I never thought that blowing up bombs in Iraq could be boring. The Hurt Locker managed to make it so. I went into this movie with high hopes. I love war movies and war history. I’m currently reading through Max Hastings’ histories of WWII (first “Overlord” and now “Armageddon”), and “Band of Brothers” is one of my favourite TV shows of all time. So how can something as potentially fascinating as bomb disposal be made boring?
The first problem with the movie is that there is no perceivable story arc. The three main characters go out on a series of missions, defuse some bombs and make a series of ridiculous decisions. The end. There is no development that I really care about as an audience member. This in itself could kill the movie.
A larger fault with the movie is that the protagonist is extremely unlikeable. He is totally out of control in a situation where control over oneself is absolutely critical. Not only does this make an emotional connection difficult, it is also impossible to believe that he would be allowed to operate the way he does for more than a day without being busted to private and sent off to peel potatoes. I’ve met members of Canada’s 1st combat engineers who deal with bombs in Afghanistan. I was extremely impressed with their dedication, and the level of seriousness they treated the problem of IEDs. I have a feeling they would be insulted to be associated with the behaviour demonstrated in this movie.
The fact is, even with my limited knowledge of real military life, this movie is totally unbelievable. There is a long list of obvious errors. Why is a bomb disposal tech allowed to act with total disregard for himself and his fellow team members? Where is the oversight? Are there no officers calling the shots here? Why are three bomb disposal techs driving around by themselves in the desert looking for trouble? Since when are bomb disposal techs trained to operate .50 cal sniper rifles to a level of expertise where they can headshot a running target at 800 meters? Assuming a bomb disposal tech is trained in sniping, why does he set up his rifle in the exact same spot where his buddy just got wasted 10 seconds before? Why do we never see the bomb techs communicating with anybody else? They never call for help! Why are three bomb disposal techs running around alleys at night, ultimately splitting up to search more effectively? Why did they leave their humvee, mounted with a .50 cal machine gun, parked unattended in a Baghdad street? How exactly did the protagonist manage to leave the compound searching for the kid’s family? Did he tell the guys at the gate that he was going out for milk? Why was the protagonist referred to as “sir” at least twice in the movie, when he is a sergeant?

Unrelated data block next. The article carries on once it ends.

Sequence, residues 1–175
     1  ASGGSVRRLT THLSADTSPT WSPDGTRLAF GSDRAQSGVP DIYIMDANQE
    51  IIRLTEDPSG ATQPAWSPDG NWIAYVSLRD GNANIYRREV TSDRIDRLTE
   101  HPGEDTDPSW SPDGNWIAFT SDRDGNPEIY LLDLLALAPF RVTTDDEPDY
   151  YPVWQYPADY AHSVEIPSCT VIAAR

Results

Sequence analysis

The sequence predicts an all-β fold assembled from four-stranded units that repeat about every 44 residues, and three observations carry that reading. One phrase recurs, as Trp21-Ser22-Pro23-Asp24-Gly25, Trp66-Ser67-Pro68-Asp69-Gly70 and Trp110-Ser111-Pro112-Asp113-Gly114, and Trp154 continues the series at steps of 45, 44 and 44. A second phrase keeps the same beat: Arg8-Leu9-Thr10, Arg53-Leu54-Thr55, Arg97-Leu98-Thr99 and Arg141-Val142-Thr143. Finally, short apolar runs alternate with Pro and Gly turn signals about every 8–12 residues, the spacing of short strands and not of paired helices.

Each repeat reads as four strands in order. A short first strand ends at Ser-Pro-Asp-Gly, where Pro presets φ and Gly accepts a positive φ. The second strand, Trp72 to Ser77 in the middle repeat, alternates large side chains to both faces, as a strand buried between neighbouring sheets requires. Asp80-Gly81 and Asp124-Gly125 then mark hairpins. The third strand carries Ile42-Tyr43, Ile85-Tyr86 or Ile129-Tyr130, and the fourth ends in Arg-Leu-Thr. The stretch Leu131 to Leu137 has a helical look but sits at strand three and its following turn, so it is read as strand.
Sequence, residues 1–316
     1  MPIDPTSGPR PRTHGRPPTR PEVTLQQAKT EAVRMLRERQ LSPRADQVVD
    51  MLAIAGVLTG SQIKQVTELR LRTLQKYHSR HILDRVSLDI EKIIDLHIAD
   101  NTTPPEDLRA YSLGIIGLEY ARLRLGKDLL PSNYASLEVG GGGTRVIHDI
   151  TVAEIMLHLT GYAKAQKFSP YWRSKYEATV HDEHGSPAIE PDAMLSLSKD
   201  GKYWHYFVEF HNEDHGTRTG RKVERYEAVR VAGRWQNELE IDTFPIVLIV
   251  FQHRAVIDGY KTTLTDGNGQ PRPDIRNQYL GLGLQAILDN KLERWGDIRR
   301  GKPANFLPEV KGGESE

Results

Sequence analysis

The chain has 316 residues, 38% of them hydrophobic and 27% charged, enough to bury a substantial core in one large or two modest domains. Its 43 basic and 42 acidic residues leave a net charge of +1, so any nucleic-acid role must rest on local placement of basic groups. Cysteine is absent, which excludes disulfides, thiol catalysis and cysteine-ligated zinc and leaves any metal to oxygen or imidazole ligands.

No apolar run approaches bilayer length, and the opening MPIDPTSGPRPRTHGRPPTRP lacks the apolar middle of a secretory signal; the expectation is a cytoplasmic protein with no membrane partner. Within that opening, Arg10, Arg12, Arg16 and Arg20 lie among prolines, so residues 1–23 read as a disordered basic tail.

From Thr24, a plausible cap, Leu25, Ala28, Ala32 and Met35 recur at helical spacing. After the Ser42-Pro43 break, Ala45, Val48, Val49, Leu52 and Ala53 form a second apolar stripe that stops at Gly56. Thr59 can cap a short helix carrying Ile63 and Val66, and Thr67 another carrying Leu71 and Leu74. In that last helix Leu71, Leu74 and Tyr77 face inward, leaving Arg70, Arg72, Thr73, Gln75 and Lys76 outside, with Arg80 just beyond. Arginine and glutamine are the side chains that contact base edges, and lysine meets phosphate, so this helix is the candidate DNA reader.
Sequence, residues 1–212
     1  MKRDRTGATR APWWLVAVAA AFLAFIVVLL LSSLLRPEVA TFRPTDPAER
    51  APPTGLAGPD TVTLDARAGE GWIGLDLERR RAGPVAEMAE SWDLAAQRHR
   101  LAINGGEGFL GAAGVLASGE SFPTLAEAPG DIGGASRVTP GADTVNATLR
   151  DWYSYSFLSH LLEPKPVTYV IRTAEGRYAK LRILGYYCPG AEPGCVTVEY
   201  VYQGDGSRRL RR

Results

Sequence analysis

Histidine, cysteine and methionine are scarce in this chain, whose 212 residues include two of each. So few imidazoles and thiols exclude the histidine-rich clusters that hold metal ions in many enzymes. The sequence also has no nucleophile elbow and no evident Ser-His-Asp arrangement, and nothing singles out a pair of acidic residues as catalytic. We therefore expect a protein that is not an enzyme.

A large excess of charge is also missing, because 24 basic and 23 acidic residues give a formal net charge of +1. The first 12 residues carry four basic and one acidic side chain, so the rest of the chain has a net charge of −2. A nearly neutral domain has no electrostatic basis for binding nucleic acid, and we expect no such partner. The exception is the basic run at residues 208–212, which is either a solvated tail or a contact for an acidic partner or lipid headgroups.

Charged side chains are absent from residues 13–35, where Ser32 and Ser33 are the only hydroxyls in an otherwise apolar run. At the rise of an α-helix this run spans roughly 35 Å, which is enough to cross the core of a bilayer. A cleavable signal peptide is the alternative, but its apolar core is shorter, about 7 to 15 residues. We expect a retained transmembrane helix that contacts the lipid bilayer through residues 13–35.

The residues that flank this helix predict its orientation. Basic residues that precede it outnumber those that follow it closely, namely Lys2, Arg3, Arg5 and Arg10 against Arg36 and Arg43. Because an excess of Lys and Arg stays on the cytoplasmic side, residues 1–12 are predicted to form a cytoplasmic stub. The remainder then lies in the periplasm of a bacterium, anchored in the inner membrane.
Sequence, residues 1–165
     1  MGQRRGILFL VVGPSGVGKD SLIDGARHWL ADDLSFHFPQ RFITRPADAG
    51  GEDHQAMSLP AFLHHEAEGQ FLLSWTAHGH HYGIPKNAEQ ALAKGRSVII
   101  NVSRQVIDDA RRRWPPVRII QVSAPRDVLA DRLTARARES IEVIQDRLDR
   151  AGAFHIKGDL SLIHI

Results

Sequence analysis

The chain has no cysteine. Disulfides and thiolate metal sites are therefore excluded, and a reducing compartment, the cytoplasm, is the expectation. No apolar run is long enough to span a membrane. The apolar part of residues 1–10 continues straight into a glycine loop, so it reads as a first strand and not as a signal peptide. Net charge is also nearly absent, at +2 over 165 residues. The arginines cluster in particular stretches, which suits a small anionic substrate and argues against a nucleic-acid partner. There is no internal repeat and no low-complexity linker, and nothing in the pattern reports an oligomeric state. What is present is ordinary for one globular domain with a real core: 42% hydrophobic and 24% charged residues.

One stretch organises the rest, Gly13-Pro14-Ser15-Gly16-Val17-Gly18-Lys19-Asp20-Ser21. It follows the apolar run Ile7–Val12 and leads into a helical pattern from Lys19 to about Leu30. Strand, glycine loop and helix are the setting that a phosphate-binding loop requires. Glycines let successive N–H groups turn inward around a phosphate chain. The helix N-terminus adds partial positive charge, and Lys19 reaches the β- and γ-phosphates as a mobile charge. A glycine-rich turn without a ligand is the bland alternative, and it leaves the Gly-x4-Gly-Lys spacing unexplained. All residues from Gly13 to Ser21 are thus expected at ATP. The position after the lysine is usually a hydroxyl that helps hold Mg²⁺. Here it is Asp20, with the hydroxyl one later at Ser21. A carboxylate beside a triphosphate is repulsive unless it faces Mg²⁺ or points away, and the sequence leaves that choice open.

When you make a movie about a real conflict, one that is still going on, you are constrained to tell your story within the boundaries of what is actually happening in that conflict. You can stretch the truth, but if you go too far then the movies looks more like a farce then a serious work. Doing this properly is not easy to accomplish, but it can be done, and has been done in the past. This is not something that has to be dealt with by story tellers who are telling fictional stories (e.g. Avatar). They can invent their own context. The makers of The Hurt Locker did not have this luxury, but apparently thought they did. And because of this they failed.